In competitive athletics, raw numbers like height, weight, max bench press, and timed 40’s help scouts understand your athletic potential. However, there is a reason that scouts and coaches want to meet you and see you perform on film before offering a scholarship. They want to find out what intangible assets you can bring to the program. Above all else, coaches want to find out if you have a work ethic. Are you committed to excellence, or will you quit at the first sign of hardship?

Actual work ethic is an intangible athletic asset that yields tangible results. It determines how far you will go to win, even when there is no one to witness your struggle for victory. No fans. No coaches. No scouts. No glory to be won. When you willingly crawl into that dark place, away from the safety of adoring fans, and test yourself. Your goals and your work ethic are the only comforts that you carry into this crucible of pain. Here, you cannot hide behind perceived work ethic. Coaches and fans often misinterpret an athlete’s distorted facial expressions, gallons of sweat, guttural grunts, and gasps for air as signs of a work ethic. Actual work ethic is traditionally much harder to witness, and more painful for the athlete to forge.

Below are 5 intangible qualities that an athlete must posses in order to become great. These qualities do not exist on their own, they require constant honing through self-evaluation. Only with a prodigious work ethic can an athlete master these intangibles.

Honesty.  Be brutally honest with yourself. Why are you doing this? Is it to achieve greatness, or do you merely do it for the social benefits that often accompany the athletic life? How much are you truly willing to sacrifice for the development of yourself and for the betterment of your team? How much time, how much sleep? What comforts will you forgo to achieve your collegiate aspirations? Be brutally honest with yourself. If you lie to yourself, you are also lying to your teammates and coaches. They trust you to strive for greatness. Be worthy of that trust.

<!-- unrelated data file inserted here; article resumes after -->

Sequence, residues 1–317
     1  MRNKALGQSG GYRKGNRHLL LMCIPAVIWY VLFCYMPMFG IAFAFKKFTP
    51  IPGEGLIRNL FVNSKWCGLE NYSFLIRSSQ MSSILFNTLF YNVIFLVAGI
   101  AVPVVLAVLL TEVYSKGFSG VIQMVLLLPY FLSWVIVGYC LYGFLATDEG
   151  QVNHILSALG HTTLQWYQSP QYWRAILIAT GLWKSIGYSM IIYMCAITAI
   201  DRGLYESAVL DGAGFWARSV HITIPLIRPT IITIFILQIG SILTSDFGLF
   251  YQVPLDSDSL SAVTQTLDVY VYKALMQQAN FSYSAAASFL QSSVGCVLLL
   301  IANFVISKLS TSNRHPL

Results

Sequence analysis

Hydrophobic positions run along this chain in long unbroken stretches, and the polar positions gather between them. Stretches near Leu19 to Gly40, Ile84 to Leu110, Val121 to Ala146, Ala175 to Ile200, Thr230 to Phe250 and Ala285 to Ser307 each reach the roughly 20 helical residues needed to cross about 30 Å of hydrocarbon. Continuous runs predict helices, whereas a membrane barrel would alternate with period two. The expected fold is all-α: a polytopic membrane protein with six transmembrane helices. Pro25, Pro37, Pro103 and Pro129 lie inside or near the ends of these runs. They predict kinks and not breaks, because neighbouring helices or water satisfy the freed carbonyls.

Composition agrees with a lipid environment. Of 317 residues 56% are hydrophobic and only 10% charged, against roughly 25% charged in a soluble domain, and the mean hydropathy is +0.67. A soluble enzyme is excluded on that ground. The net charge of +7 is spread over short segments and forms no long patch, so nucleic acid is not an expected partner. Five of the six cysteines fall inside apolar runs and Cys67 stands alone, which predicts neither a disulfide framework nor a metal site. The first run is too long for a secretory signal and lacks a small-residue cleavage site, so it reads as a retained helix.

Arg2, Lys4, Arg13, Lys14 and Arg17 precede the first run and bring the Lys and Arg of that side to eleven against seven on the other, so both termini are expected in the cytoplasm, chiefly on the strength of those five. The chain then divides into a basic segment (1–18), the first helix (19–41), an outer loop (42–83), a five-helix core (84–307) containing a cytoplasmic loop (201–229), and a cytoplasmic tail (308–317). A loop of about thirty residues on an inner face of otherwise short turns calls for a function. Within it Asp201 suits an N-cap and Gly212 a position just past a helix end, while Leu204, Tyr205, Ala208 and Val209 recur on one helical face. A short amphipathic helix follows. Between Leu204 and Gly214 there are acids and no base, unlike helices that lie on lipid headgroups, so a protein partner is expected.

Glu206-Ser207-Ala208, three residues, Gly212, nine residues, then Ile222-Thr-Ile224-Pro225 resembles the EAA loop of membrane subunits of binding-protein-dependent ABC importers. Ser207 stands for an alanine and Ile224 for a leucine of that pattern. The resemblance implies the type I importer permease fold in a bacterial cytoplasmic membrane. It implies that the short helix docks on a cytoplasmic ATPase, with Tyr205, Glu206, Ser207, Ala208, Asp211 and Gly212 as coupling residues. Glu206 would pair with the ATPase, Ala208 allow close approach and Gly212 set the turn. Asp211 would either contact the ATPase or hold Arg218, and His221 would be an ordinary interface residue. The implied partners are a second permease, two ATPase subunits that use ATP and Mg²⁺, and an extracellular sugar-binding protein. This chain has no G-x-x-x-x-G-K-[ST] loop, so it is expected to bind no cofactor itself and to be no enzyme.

Command. Command your reality. Not happy with your current lot in life? Perhaps you’re too slow, getting lower grades than you’d like, overweight, or not playing on the team you want. Change it. Being honest with yourself is the first step, as you will quickly diagnose weaknesses and areas in your life that need improvement. The next step is taking action. Whatever fear holds you back, you must have the fortitude to look deep within your own soul and face that fear. Maximize your potential, don’t settle for being a fraction of the athlete you could be.

Leadership. There two types of athletes: shepherds and sheep. Sheep are individuals. They wander about on their own with separate goals, vulnerable to predators like doubt and hardship. Shepherds are leaders; they join the individuals together into a team. Just as a herd does not easily fall victim to lurking predators, so too are teams better suited to succeed through adversity. Be the shepherd. Lead your team. Believe in yourself enough to place the fate of your teammates and the outcome of their dreams on your shoulders. Train through the discomfort, study instead of sleep, sleep instead of party, and lead by example. Leadership is contagious, empowering, and influential. Nobody is born a perfect leader, but we can all choose to improve our leadership every day. Set goals, and promise yourself that you will never stop chasing them. You will inspire others to follow by your determination and unrelenting commitment.